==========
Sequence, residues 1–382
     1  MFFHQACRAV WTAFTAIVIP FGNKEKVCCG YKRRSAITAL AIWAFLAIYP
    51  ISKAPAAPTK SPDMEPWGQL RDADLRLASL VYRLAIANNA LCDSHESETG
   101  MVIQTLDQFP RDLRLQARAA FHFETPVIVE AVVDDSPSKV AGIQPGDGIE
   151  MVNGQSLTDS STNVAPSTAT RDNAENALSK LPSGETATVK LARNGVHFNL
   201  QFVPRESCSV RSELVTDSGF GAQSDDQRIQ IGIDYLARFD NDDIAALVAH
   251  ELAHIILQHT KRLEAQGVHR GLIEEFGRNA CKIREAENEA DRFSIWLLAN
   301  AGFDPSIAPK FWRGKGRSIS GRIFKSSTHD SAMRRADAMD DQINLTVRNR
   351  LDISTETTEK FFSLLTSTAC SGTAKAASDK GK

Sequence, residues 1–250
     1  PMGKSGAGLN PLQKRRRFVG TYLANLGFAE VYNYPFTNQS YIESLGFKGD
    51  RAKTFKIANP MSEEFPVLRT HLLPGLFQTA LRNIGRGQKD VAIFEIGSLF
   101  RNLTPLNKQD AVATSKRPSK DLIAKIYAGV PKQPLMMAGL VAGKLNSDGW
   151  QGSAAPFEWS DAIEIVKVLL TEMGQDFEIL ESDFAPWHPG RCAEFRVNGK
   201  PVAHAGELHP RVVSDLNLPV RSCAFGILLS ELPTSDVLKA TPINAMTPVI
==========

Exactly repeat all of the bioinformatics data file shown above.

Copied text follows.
Sequence, residues 1–382
     1  MFFHQACRAV WTAFTAIVIP FGNKEKVCCG YKRRSAITAL AIWAFLAIYP
    51  ISKAPAAPTK SPDMEPWGQL RDADLRLASL VYRLAIANNA LCDSHESETG
   101  MVIQTLDQFP RDLRLQARAA FHFETPVIVE AVVDDSPSKV AGIQPGDGIE
   151  MVNGQSLTDS STNVAPSTAT RDNAENALSK LPSGETATVK LARNGVHFNL
   201  QFVPRESCSV RSELVTDSGF GAQSDDQRIQ IGIDYLARFD NDDIAALVAH
   251  ELAHIILQHT KRLEAQGVHR GLIEEFGRNA CKIREAENEA DRFSIWLLAN
   301  AGFDPSIAPK FWRGKGRSIS GRIFKSSTHD SAMRRADAMD DQINLTVRNR
   351  LDISTETTEK FFSLLTSTAC SGTAKAASDK GK

Sequence, residues 1–250
     1  PMGKSGAGLN PLQKRRRFVG TYLANLGFAE VYNYPFTNQS YIESLGFKGD
    51  RAKTFKIANP MSEEFPVLRT HLLPGLFQTA LRNIGRGQKD VAIFEIGSLF
   101  RNLTPLNKQD AVATSKRPSK DLIAKIYAGV PKQPLMMAGL VAGKLNSDGW
   151  QGSAAPFEWS DAIEIVKVLL TEMGQDFEIL ESDFAPWHPG RCAEFRVNGK
   201  PVAHAGELHP RVVSDLNLPV RSCAFGILLS ELPTSDVLKA TPINAMTPVI